So the next morning Ann and I got to the Clinica about an hour before her surgery so she could go through surgical prep. I got to check in on MJ – who was doing FABULOUSLY! Seriously, Dr B keeps saying, “Perfect!” and she is! Once Ann was safely off to surgery I returned to the hotel and met John for lovely breakfast at the Hotel AC’s breakfast buffet. We talked through a lot of stuff – to do surgery or not, if yes, then what the pros and cons of the different surgical options were. We left there without saying for sure one way or the other what the decision would be. John – as always – offering his incredibly caring support!

At the conclusion of Ann’s surgery Dr. Baltasar came to report. Everything went beautifully. Excellent surgery, excellent outcomes anticipated. Then we sat and talked about what my plan would be. During the course of the morning – well, the the many weeks previous to this point in time – I’d been praying, asking God for His wisdom on this, whether I should go forward or not, asking that He’d give me clear direction. And at that moment, I knew great peace with what my decision would be.

Speedy Update

I’m leaving for Spain in less than 2 weeks.
We’re fortunate to have a willing and kindhearted chicken-watcher all lined up.
However, as you can see from the progression of these photos – Speedy just hasn’t been well – well, since mid-June.

In fact, in the past week she seems to have weakened considerably.

She tends to stay in the coop – granted, it is warmer in there – and shows little interest in much of anything.


The middle girls will huddle around her – almost like they’re trying to keep her warm and protected.

The little girls – the Welsumer’s – are not so nice. In fact, they pick on Speedy quite a bit.

Interestingly enough, the big girls have taken on more of an attitude of watching out for her, as well – especially Henrietta. (Maybe that’s because Henrietta seems to have been bumped out of her spot as queen of the hill and now is just a lowly follower!)

Whatever the case, it occurred to me that it would be a sad – and maybe unkind – thing if – for the caretaker, as well as Speedy – if she were to give up and die while we’re away.

The kids had voiced their concerns about Speedy and wondered if there wasn’t something we could do for it.

That’s when it occurred to John and I that we might know of someone who might “Speedy-sit” while we’re gone.

So on Saturday morning Speedy went to visit at Rancho de Kao – really, pretty much, chicken nirvana. Kao and Tonya are very experienced chicken-keepers who sometimes agree to help out in time of need. They have been so kind as to offer to help our Speedy out.

I should have taken pictures – it was a wonderful experience – and amazing to get to see up close and personal so many different breeds of chicken. They’ve really got a great set-up out there!

I feel so much better knowing that Speedy will get the very best care possible. I wouldn’t be surprised, however, if we got word that she’d not made it. But we won’t give up hope yet – here’s hoping that Speedy is hearty and hale and ready to come home when we get home from Spain!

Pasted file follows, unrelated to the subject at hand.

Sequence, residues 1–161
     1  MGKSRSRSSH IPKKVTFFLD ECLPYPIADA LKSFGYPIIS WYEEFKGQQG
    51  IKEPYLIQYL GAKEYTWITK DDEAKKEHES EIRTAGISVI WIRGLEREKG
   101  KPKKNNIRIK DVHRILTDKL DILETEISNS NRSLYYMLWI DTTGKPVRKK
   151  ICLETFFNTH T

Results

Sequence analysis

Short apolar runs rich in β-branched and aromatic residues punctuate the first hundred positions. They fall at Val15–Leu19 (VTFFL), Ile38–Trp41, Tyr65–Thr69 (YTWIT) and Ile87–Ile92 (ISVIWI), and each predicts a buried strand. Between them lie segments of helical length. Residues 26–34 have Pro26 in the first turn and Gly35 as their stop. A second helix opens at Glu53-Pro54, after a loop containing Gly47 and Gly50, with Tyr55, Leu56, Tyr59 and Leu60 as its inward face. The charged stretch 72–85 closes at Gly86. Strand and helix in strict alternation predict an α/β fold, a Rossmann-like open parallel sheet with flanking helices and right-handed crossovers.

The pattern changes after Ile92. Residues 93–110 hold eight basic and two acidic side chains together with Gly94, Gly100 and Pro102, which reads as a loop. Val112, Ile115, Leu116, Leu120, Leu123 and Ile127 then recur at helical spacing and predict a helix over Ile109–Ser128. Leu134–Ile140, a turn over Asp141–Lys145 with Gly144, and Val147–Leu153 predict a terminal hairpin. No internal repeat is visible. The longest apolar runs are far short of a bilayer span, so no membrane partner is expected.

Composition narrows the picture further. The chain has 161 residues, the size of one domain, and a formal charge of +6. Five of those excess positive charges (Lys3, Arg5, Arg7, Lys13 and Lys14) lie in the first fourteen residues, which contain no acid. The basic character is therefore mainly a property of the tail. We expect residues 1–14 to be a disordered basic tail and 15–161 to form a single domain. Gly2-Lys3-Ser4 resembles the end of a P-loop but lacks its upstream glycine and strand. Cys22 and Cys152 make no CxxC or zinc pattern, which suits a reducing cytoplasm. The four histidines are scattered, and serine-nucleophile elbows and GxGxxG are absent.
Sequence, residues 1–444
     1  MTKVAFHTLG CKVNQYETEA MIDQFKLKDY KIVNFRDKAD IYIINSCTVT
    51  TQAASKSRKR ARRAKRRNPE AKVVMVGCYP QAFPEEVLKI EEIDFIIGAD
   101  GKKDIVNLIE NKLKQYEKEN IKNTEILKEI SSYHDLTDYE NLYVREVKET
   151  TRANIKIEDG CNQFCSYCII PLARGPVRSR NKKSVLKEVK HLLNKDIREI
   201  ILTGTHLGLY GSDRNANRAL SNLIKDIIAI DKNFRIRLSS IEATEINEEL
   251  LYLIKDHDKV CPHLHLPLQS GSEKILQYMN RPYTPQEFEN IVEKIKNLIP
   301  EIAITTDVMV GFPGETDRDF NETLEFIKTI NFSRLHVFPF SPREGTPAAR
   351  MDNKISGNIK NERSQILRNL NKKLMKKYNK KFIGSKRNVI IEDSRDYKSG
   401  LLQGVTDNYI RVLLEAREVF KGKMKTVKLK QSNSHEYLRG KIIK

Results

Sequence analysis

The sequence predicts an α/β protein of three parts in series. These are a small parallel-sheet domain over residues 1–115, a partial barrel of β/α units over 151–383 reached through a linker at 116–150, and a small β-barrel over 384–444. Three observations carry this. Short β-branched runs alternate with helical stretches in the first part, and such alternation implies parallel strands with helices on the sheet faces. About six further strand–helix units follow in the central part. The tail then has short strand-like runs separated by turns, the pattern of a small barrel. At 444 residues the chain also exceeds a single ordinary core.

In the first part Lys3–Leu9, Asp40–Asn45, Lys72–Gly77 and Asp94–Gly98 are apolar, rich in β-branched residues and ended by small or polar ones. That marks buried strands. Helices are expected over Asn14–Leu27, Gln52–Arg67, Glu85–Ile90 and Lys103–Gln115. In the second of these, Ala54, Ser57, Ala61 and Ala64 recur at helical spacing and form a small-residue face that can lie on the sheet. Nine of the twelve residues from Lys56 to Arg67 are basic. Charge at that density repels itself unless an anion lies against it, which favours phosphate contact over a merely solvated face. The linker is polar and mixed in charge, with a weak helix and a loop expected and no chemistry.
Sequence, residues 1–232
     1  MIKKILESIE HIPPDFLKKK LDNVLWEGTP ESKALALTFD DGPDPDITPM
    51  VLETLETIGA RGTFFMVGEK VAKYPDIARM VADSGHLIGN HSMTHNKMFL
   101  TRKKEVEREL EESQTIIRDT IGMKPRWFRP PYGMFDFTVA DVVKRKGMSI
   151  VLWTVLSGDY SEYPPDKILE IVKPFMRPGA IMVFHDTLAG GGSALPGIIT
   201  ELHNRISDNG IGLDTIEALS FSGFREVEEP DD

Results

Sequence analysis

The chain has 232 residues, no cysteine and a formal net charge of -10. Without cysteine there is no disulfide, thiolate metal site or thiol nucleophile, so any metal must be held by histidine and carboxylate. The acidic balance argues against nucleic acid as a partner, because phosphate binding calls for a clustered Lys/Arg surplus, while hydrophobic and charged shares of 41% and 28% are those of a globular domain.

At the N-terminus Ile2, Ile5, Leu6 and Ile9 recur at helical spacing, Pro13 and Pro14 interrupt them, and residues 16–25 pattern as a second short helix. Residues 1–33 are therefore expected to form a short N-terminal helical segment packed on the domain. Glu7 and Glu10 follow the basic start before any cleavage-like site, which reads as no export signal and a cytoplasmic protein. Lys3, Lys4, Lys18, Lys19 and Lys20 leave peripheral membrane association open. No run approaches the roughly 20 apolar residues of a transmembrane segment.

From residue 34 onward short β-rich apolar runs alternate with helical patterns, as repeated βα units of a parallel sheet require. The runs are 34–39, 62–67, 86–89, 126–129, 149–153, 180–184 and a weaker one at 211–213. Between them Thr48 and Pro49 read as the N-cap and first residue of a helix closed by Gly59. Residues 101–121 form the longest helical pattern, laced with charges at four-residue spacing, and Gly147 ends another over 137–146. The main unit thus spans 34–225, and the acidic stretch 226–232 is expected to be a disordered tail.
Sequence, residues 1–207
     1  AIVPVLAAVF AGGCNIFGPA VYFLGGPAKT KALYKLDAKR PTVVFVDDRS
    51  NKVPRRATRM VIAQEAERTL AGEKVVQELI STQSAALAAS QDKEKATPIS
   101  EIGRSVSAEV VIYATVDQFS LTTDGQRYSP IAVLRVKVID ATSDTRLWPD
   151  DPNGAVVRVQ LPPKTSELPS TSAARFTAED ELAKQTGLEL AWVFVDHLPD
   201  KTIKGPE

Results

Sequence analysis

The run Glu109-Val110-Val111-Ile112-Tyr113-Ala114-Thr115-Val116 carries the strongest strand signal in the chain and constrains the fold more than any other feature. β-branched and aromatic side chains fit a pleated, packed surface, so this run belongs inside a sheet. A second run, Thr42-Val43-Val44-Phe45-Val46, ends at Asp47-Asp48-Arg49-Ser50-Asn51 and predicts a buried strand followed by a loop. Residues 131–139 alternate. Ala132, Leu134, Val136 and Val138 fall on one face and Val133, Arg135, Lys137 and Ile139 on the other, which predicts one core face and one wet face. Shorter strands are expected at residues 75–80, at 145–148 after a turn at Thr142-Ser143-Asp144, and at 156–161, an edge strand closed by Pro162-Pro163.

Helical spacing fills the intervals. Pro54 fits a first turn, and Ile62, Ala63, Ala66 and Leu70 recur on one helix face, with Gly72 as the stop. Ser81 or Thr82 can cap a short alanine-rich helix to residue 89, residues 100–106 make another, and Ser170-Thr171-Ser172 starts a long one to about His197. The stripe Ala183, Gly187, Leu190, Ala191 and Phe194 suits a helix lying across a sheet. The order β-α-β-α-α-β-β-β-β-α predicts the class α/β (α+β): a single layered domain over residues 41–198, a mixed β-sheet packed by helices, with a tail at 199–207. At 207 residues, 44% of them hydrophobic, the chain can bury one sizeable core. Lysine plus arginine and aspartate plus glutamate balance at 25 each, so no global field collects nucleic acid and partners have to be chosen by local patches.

Photos from Spain

One of my favorite things to do while I’m in Spain is visit the open air markets. Most towns have one twice each week. Every town I’ve visited in Spain (and I’ve been to quite a few) has what they call a “Central Market” – it’s kind of like an indoors farmer’s market. The majority of shoppers rely on the Central Market for their day to day shopping needs. Yes, there are supermarkets and yes folks do shop there. But when you talk to the Spanish people, they prefer the freshness and quality available at the open air markets. I have to say that I agree wholeheartedly!

This picture is from the open air market at Castalla – a wonderful little town with – appropriately – a castle at the top of the hill.

I gotta admit – I’ve never in my life come across a crate of living, moving snails at the market! This was a bit of a surprise! I really wanted to take the picture of the little old man who had gathered these to sell, but he was not willing to have his photo taken. He was proud to have me take a photo of his snails, however!

This is the open air market at Altea – a beautiful little town on the Mediterranean – in fact, this market is just two blocks from the beach!

The flowers were locally grown for the most part – and the fragrance as you entered the row of stalls past these flowers was heavenly!

Bella!

These tomatoes look at first glance as if they’re underripe. In fact, they aren’t. They are used to make what my friends and I dubbed, “tomato mush” – a wonderful relish with finely diced tomatoes, minced garlic, and olive oil. I suspect there’s a splash of vinegar of some sort in there, too. It’s *fabulous* on freshly baked bread!

Oh to bring some of these back for my own garden!